To incorporate the wide variety of factors that influence marijuana use, each commercial will be a short interview where one factor is addressed. These commercial interviews will serve as quick glimpses into the real experience of someone, to gain a better understanding of how people are influenced to smoke marijuana. Openly discussing the reasons why people initiate marijuana use, and how these influences affect them personally, will allow adolescents to gain a larger understanding of the issues surrounding marijuana use. This will allow adolescents to become better educated about the influences that they may be experiencing, and how to combat them. Marijuana use is often a symptom of something else, and this approach may serve to uncover these influences for teenagers.
By talking candidly about people’s experiences and what influenced their decision to start and continue smoking marijuana, the Get Real campaign seeks to “re-frame” marijuana use. The social sciences’ “Framing Theory” discusses how “frames” are used as a mechanism of human understanding. Frames are a collection of ideas and concepts surrounding a certain subject. Humans work within these frames to process new information, and (it is argued) they can only understand new information by filtering it through already existing frames. These frames are mechanisms for organizing information, and can be engaged by simple cues, such as images or words (17).
Framing can be used to change people’s opinions and behaviors, at the population level. Smoking marijuana is perceived as an act done by rebellious youth who are social outcasts, looking to have a good time with their peers. The Get Real campaign works to re-frame marijuana use as an act that is done to fill a personal void, or is the result of some harmful influence. Changing how people understand and conceptualize marijuana use is a method of modifying their behavior, in this case, influencing them to stop using marijuana.
Allowing for Irrationality
The Above the Influence campaign requires adolescents to think and act rationally. This caveat is a major contributor to the campaign’s failure to reduce marijuana use among teens. In lieu of a traditional behavior model, which relies upon the false concept that humans act rationally, the Get Real campaign is equipped with a fail-safe that allows for human irrationality.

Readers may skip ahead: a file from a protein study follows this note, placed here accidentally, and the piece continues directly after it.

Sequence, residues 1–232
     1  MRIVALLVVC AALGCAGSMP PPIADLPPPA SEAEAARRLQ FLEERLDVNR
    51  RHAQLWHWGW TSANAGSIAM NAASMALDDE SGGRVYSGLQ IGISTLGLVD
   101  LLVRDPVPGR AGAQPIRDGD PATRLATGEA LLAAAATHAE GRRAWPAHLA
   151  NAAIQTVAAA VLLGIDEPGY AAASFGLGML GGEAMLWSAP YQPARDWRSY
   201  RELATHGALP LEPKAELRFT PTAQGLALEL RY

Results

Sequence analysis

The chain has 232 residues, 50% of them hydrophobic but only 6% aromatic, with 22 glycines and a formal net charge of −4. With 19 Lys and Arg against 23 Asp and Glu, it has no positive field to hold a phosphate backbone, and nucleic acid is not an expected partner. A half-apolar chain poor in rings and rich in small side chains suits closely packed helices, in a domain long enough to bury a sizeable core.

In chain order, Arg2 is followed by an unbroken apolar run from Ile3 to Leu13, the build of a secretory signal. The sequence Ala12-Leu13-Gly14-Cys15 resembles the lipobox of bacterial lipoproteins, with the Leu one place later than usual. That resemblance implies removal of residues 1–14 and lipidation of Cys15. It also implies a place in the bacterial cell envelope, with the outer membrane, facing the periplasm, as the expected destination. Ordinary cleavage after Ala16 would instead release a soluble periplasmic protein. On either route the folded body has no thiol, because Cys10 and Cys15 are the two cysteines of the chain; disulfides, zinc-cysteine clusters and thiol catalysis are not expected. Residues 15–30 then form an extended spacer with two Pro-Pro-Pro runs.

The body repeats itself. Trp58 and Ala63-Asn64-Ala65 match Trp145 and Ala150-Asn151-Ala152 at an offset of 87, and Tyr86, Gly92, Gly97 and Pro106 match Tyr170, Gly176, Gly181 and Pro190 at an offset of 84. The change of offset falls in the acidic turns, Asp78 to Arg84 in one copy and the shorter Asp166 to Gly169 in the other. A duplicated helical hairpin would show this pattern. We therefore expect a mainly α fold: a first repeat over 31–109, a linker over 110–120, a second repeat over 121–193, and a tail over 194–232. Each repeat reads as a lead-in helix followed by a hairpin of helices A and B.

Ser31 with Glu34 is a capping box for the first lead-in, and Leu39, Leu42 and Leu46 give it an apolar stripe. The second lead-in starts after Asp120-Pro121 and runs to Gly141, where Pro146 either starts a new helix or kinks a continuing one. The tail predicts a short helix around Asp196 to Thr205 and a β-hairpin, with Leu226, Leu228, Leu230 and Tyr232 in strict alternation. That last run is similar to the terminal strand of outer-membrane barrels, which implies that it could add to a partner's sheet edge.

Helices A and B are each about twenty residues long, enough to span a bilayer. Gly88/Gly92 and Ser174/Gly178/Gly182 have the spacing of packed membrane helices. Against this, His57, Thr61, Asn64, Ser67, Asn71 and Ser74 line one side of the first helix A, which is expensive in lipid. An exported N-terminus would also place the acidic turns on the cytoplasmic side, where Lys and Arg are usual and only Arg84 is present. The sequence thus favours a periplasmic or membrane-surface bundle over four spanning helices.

At the end of every commercial the symbol representing the Get Real campaign is displayed. This symbol serves as a visual cue for adolescents that, when in a situation similar to ones presented in the campaign commercials, will remind them of their reaction to the commercials. When an adolescent sees a Get Real commercial they will internalize their reaction to the interview, along with the Get Real symbol. When they are in a similar situation themselves, where they may not be able to exercise self-control or rational decision-making, the experience will bring to mind the Get Real symbol and their previous sentiments regarding marijuana. The purpose of this symbol is to act as a reminder for adolescents who find themselves in an environment where the may smoke marijuana, and make the decision not to smoke easier.
The cue used in the Get Real campaign’s intervention strategy is doubled as a brand symbol for the campaign. “Marketing Theory” considers an organization’s brand to be incredibly important, since the brand allows you to create and sell a certain image or concept along with your product. The product being “sold” by the Get Real campaign is abstinence from marijuana use. Brands create associations with specific values, which for the Get Real campaign, would be: truth, freedom, autonomy, and independence. The brand symbol for Get Real is meant to be associated with an individual’s ability to stop smoking marijuana. By adhering to the Marketing Theory, and through its use of branding and cues, the Get Real campaign allows for irrational behavior, unlike the Above the Influence campaign (18).
In Conclusion
The majority of public health interventions do not consider the possible benefits of incorporating behavioral theories from the social and behavioral sciences. The example of the failed Above the Influence campaign is a solid example of how traditional models of behavior can be disastrous for interventions. The Get Real campaign offers a solid example of how the social sciences can be integrated into public health, and how this can improve their chances of success. The field of public health needs to make a concerted effort to include these long-standing theories of behavior from the social sciences in their interventions.